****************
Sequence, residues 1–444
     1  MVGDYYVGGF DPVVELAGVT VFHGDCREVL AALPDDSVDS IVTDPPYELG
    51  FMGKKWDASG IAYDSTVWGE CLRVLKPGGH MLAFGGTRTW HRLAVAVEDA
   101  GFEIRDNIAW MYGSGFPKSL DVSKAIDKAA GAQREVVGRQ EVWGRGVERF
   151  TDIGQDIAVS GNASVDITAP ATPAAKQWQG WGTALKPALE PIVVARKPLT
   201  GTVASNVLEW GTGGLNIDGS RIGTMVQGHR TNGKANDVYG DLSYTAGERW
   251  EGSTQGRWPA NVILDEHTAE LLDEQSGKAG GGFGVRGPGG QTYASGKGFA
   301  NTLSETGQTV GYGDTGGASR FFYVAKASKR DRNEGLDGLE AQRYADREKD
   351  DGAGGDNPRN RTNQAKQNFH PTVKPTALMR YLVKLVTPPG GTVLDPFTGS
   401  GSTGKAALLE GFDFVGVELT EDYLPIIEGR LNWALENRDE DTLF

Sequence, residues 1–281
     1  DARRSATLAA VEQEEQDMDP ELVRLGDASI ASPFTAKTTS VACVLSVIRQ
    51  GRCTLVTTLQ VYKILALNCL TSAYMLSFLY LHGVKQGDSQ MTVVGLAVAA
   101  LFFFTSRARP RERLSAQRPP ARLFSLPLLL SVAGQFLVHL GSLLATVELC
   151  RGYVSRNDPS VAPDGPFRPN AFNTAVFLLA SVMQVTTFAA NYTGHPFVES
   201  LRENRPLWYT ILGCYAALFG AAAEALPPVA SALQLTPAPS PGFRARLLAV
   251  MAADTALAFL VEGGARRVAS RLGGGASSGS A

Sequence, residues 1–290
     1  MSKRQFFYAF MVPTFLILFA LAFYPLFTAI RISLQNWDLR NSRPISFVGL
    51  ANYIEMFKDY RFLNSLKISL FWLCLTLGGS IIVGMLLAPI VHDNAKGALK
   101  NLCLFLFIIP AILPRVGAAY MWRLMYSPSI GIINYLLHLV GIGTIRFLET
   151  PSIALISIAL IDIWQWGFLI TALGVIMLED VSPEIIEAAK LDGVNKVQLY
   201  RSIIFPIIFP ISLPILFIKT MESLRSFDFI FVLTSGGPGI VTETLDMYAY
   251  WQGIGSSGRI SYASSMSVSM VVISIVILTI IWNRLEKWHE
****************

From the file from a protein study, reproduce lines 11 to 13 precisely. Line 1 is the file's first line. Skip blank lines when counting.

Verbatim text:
Sequence, residues 1–281
     1  DARRSATLAA VEQEEQDMDP ELVRLGDASI ASPFTAKTTS VACVLSVIRQ
    51  GRCTLVTTLQ VYKILALNCL TSAYMLSFLY LHGVKQGDSQ MTVVGLAVAA